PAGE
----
Over any reasonable period of time, however, this 8-15% gap adds up to some real money. During the eight years encompassing 2007 through 2014, in fact, GAAP earnings reported to the SEC by the S&P 500 companies have cumulated to about $5 trillion—–while ex-items earnings ballyhooed by Wall Street have totaled around $6 trillion. There is a distinct possibility that this $1 trillion difference is not just a rounding error when it comes to valuation!
More importantly, as the Fed’s bubble cycles get long-in-the-tooth, the forward ex-items hockey sticks tend to get steeper; and over the decades, the creativity of the sell-side in deleting “non-recurring” charges has gotten considerably more acute. Accordingly, comparisons of today’s ex-items multiples with purported long-term average multiples is a proverbial case of apples and oranges.
Some sense of that is evident in the graph below, which is based on trailing earnings on a GAAP basis. It shows that as of June 2014, the median PE multiple for all NYSE stocks with positive earnings was at an all-time high——even exceeding the lofty heights of the dotcom bubble years.
And that’s not the half of it. In today’s Fed sponsored casino there are far more companies with negative earnings and large capitalizations than in those benighted times decades ago when “price discovery” still existed. So that brings us to the stupendous biotech bubble that even Yellen claims to have recognized back in June of 2014.
Since then the NASDAQ biotech index is up another 50%—–bringing the index to 6X its March 2009 bottom. But even then the real valuation absurdity is not fully apparent on the surface. As Zero Hedge documented the other day, the 150 companies in the index have a collective market cap of $1.06 trillion, but only $21 billion of LTM earnings, implying a PE multiple of 50X.
But rollover Russell 2000—–you haven’t seen nothing yet. The 5 big cap biotechs in the index—-Gilead, Amgen, Shire, Biogen and Celgene—had net income of $25.5 billion during the most recent LTM period—-or well more than the index total. If you add in the next 20 positive earners, you get to $30.5 billion of net income or 145% of the $21 billion reported by the entire basket of 150 companies.
So the internals shape up this way. The Big 5 had a market cap of nearly $550 billion or did last Friday before today’s Gilead stumble which took the index down by about $20 billion. And the next 20 traded at a collective value of $230 billion, meaning that the market cap of the top 25 companies in the index (which accounted for 145% of total earnings) was about $780 billion.
Needless to say, the math here implies something rather astounding. Namely, that there are 125 companies in the NASDAQ biotech index which are valued at $280 billion, but posted aggregate losses of nearly $10 billion in the most recent LTM reporting period.
So yes, Janet, there is a bubble in biotech and its a doozy. It amounts to well more than one-quarter trillion dollars of bottled air. Its a direct result of six years of free ZIRP money to the carry trade gamblers and Wall Street’s self-evident confidence that the Fed is petrified of a hissy fit and will not hesitate to keep the juice flowing indefinitely—– even if it’s called a 25 bps increase in the money market rate, eventually.
The stupendous extent of the biotech bubble—and its merely representative—–can be seen in the free market contrafactual. That is to say, what would these 125 negative earners in the biotech index have to generate when they grow-up in order to earn-out there current $280 billion market cap?
Well, the Big 5 trade at 21X earnings and with $68 billion of combined revenues they reported a five-year sales growth rate of 16.5% per annum. So when you get to quasi-stable maturity even in the Fed’s casino it takes one small sized mountain of sales to earn even a middling sized multiple. But whoops——half of the big 5 LTM profits were accounted for by Gilead, which had an LTM net profit rate of 49% on $25 billion of sales. By contrast, the more typical net income margins of Biogen and Amgen were 30% and 25%,respectively.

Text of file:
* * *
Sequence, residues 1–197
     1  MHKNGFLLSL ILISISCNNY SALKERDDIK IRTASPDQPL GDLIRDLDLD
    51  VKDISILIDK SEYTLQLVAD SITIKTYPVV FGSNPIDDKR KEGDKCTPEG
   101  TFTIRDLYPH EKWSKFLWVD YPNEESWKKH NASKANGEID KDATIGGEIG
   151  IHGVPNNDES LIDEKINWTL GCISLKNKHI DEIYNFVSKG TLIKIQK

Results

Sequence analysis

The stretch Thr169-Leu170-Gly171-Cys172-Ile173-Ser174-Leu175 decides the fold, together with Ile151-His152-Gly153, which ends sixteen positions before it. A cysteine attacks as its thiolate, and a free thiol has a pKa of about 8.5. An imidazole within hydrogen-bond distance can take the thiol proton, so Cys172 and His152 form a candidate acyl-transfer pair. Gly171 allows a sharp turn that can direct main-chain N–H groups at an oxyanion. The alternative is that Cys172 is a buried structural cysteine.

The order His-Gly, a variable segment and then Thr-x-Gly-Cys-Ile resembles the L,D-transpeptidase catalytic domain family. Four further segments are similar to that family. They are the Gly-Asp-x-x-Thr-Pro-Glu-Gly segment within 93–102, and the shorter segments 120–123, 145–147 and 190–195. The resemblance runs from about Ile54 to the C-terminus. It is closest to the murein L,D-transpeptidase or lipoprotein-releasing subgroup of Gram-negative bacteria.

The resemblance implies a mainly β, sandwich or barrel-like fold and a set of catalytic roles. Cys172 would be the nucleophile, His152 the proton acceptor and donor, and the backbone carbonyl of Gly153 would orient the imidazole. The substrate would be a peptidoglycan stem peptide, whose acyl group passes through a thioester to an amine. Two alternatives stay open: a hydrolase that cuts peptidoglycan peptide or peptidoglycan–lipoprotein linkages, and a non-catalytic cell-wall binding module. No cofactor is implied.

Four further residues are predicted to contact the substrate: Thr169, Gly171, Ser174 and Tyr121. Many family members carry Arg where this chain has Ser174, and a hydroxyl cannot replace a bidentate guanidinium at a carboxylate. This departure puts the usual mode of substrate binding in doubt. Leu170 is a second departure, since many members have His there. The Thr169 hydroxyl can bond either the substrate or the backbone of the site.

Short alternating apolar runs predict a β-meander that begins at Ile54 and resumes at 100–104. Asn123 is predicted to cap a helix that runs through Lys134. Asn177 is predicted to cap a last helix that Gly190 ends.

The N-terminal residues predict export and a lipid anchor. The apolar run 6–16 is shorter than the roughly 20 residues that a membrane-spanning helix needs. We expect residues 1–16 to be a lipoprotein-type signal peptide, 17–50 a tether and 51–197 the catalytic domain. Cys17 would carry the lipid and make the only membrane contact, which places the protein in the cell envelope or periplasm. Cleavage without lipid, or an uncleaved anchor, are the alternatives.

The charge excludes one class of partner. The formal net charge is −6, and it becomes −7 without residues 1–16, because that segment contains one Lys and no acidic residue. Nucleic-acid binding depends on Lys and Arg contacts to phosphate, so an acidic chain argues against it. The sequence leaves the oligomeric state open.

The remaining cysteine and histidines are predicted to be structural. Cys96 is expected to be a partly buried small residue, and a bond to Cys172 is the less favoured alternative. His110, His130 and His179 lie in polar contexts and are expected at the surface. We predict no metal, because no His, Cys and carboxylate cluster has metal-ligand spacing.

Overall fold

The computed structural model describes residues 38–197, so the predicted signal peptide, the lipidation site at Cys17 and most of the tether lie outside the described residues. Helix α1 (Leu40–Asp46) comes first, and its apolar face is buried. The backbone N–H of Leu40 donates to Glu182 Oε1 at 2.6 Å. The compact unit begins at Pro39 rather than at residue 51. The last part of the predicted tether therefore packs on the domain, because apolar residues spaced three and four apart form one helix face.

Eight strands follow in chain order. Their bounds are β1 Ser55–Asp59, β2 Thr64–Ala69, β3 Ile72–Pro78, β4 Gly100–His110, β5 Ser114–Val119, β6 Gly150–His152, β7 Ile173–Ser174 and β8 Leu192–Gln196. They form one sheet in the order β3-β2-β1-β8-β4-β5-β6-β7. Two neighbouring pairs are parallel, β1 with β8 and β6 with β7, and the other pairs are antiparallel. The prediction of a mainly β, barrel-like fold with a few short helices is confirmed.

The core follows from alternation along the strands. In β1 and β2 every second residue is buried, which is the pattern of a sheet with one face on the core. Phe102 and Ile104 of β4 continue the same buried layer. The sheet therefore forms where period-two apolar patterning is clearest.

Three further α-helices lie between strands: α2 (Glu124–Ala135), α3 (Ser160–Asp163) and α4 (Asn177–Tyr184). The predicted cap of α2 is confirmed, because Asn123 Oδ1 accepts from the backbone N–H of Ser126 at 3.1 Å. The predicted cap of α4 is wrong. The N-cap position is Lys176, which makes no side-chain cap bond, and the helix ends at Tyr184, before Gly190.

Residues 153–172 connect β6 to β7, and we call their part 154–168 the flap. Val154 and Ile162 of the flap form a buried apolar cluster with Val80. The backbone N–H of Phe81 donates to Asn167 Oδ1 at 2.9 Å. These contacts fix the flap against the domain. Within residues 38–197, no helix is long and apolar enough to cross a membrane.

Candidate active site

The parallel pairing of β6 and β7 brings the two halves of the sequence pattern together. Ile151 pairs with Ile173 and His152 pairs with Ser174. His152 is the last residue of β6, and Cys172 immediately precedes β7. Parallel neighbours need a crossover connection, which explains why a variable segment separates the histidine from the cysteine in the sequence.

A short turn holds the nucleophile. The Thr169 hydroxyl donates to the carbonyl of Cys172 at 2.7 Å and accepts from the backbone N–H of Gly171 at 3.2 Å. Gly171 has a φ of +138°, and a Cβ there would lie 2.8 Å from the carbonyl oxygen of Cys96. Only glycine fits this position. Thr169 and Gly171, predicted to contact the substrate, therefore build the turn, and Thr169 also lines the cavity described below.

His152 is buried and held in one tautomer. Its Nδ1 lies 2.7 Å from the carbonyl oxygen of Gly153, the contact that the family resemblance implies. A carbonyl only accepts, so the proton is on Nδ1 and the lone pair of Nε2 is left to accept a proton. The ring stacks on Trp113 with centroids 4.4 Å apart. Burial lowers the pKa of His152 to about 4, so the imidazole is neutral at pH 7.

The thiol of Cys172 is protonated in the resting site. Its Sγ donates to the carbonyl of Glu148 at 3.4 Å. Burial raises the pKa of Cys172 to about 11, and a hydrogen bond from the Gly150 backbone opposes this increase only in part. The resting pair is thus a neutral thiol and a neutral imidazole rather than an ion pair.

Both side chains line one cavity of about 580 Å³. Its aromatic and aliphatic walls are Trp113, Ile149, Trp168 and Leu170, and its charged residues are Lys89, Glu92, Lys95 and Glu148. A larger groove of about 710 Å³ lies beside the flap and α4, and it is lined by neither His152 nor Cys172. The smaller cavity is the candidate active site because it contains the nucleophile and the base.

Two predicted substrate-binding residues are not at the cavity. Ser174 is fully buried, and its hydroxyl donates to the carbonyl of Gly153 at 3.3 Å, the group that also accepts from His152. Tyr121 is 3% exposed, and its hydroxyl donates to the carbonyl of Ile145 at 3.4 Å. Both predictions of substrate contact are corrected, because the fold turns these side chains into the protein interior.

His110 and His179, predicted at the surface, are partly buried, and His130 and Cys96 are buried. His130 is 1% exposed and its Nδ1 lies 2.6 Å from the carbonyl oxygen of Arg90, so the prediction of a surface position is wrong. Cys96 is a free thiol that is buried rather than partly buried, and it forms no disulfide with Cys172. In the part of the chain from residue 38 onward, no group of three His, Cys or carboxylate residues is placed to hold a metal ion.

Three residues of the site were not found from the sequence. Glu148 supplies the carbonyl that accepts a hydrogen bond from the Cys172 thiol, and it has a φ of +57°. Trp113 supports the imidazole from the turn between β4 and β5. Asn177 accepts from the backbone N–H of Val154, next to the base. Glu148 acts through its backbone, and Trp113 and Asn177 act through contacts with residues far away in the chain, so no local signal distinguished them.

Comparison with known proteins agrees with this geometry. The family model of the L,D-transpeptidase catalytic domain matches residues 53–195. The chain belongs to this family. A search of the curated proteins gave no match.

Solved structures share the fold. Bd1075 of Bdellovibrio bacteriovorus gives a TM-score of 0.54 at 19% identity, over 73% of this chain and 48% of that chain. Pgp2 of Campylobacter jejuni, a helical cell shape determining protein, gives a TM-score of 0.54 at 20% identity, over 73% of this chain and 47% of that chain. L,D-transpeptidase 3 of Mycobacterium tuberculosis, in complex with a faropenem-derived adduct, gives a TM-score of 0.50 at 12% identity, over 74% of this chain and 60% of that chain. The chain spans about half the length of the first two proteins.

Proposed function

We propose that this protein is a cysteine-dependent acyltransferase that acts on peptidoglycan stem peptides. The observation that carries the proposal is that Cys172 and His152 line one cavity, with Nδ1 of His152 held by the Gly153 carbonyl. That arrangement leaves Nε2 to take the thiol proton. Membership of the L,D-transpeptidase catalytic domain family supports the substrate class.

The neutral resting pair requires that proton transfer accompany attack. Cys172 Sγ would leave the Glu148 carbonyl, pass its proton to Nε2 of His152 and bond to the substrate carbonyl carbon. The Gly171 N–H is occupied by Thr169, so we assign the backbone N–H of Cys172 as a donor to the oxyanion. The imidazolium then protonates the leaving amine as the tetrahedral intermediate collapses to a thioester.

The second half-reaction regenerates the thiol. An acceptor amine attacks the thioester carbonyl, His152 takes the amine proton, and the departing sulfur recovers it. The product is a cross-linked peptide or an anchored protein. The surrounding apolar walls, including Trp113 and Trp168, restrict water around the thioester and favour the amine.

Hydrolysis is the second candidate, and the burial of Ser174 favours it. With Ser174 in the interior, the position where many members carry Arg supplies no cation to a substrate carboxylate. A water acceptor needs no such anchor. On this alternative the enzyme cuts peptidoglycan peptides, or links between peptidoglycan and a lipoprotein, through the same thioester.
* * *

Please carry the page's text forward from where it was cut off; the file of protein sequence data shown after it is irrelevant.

Even more to the point, the net income margin of the next 20 companies—–represented by names like Mylan, Alexion, Biotechnic and Luminex was 17.5%, while the PE multiple of these earlier stage companies was a frisky 47X. And frisky is indeed the correct term because their 5-year revenue growth rate was only slightly higher than the Big 5 at 21%.
In short, give these 125 cash burning negative earners and virtually salesless biotechs a grown-up PE multiple of 20X and a net income margin of 20%. That means they would need to generate $70 billion of sales from today’s cold start. Good luck with that, and with the near ZIRP discount rate that is implied by the amount of time that would be required to get from here to there.
Indeed, speaking of the amount of time required to get from zero to 60 mph, Elon Musk has finally explained why Tesla is worth $35 billion. That is, despite the fact that it has never generated a dimes of net income; has in fact posted net losses of $1.4 billion since Goldman started flogging it in 2007; and can’t possibly compete with the likes of Toyota and BMW in scaling up to the mass market volume that is implied in its current infinite multiple.
It turns out that Musk believes Tesla is actually peddling a death trap, and foresees a world in which the testosterone-riven rich men who buy his vehicles today will be prohibited from even driving their own cars. Stated differently, he is now admitting that the market is capitalizing his driverless car vision——-to go along with his Mars Shuttle and warp speed trains:
So what happens when we get there (to driverless cars)? Musk said that the obvious move is to outlaw driving cars. “It’s too dangerous,” Musk said. “You can’t have a person driving a two-ton death machine”.
No less than investment guru Jim Cramer now gets the joke. Back in early February, Cramer issued his own broadside:
“Clean up your act, Musk—Tesla’s a total disaster!…….. No way the balance sheet can support the investment needed……. Musk confirmed that it will be spending staggering amounts of money on capital expenditures….. Where the heck is this money going to come from?”
That about sums up the “high side”. The Fed is driving a two-ton bubble machine, but has no clue that it has become a financial death trap.